As the Philadelphia region welcomed the REAL arrival of Spring, (none of this one day 20 degree temperature swing nonsense) I found myself simultaneously unusually busy and in need of a Spring time wreath. The glittered shamrock hanging on my door is quite cute, but perhaps time to retire until next year.
Over the span of a month (yes actually a month) I made up my mind on a design, purchased my supplies and completed this very annoying project. It certainly shouldn't have taken that long to complete but c'est la vie. I am THRILLED with the results so the annoyance was worth it. I may declare this my favorite wreath project ever. Let's jump into the tutorial.
You will need:
Wreath form (I used a foam one like this, but pick your poison)
Yarn (the cheapest one available in the color you like)
Mini wooden bird house
Small wooden bird
Silk "branchy" flowers - something akin to a cherry blossom or dogwood branch
Paint - one color for the bird house one for the bird, you pick!
Wire cutters (to cut apart your branch)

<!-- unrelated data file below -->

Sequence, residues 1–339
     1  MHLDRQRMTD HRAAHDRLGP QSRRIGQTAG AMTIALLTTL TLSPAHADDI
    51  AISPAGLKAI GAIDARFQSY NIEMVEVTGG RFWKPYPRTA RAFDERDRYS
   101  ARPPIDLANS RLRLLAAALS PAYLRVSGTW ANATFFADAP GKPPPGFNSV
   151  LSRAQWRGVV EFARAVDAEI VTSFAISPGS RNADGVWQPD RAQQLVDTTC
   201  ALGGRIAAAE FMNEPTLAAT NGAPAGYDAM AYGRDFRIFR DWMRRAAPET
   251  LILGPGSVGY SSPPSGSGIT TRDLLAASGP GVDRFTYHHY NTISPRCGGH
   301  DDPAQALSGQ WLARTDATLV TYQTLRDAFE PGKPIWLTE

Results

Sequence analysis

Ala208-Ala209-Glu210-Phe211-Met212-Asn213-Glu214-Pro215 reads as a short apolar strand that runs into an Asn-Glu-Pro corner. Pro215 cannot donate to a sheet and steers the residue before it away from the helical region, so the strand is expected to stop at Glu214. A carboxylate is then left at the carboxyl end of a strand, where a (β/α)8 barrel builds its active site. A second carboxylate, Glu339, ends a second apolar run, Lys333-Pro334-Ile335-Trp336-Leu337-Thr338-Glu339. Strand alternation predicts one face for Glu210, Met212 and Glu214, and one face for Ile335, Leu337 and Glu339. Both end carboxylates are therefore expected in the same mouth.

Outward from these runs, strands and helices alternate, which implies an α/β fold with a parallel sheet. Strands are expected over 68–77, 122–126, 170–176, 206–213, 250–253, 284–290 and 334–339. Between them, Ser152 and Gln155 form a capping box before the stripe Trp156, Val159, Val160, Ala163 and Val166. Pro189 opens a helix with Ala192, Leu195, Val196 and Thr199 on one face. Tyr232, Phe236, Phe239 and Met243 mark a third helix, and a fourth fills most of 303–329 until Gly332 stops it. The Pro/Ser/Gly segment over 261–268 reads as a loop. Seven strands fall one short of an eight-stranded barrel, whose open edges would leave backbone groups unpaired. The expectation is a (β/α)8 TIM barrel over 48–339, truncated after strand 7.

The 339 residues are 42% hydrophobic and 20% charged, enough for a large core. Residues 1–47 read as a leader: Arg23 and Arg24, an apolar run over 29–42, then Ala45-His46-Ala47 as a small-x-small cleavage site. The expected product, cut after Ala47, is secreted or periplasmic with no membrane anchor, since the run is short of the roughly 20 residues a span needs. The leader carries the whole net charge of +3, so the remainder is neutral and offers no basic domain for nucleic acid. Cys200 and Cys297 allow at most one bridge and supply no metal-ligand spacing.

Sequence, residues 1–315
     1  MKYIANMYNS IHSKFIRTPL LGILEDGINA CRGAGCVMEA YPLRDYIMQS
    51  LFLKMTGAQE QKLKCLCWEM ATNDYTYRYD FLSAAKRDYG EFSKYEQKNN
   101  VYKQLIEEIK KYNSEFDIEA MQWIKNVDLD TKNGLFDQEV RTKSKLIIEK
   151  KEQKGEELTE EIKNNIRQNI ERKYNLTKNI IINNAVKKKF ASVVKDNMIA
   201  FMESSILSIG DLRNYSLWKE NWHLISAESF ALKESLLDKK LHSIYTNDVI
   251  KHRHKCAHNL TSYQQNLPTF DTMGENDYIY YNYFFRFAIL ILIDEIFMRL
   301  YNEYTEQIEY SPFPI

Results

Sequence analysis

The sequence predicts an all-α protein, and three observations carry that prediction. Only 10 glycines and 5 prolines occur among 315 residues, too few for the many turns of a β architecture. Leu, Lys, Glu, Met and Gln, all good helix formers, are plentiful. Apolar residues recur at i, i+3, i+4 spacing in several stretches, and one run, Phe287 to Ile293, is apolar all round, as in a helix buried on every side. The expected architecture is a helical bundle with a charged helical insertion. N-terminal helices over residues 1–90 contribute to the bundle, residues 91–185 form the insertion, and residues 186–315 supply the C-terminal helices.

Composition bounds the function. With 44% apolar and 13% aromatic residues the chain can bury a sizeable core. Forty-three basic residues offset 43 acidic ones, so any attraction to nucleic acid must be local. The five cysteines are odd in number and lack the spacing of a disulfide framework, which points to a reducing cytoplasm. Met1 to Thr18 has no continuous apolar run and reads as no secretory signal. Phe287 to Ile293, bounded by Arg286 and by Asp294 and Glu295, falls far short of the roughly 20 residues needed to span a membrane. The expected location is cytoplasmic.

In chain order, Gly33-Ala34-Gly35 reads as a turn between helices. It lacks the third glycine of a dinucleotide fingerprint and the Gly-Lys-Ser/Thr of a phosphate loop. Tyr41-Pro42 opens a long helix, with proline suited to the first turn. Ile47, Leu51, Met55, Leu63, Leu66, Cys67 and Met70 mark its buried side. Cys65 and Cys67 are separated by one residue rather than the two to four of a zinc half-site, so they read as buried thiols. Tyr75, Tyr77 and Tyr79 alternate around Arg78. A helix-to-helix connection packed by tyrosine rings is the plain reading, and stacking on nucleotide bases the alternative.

Hot glue gun & glue
*I did all of my supply shopping at Michaels. Most craft stores will carry all of the items you need!*
In addition to the supplies, you will need a wheel barrow full of patience and the ability to perform a tedious task for a ridiculous amount of time.
This project can be broken down into three major steps: painting, wrapping yarn, and adding the decorations.
So let's begin with painting our wooden objects. As you can see in the photo, the bird I purchased was originally attached to a dowel. I broke that off with very little effort! The paint colors chosen should coordinate with each other and with the color of the yarn. If your front door (or wherever you plan to hang this) is a bold color, that should be considered in your selections as well.
There is nothing fancy to the painting. I did one coat because I liked the look of the wood grain showing through a bit. If you want something more polished or glossy, do two or three thin coats. My only real tip for this step is to use a skewer (or the broken off stick from your bird) to insert into the small hole on the roof of the bird house. This makes it super simple to use the skewer to rotate your bird house in whatever direction you need, without getting paint all over your hands. The skewer won't stay there, just a useful tool for painting.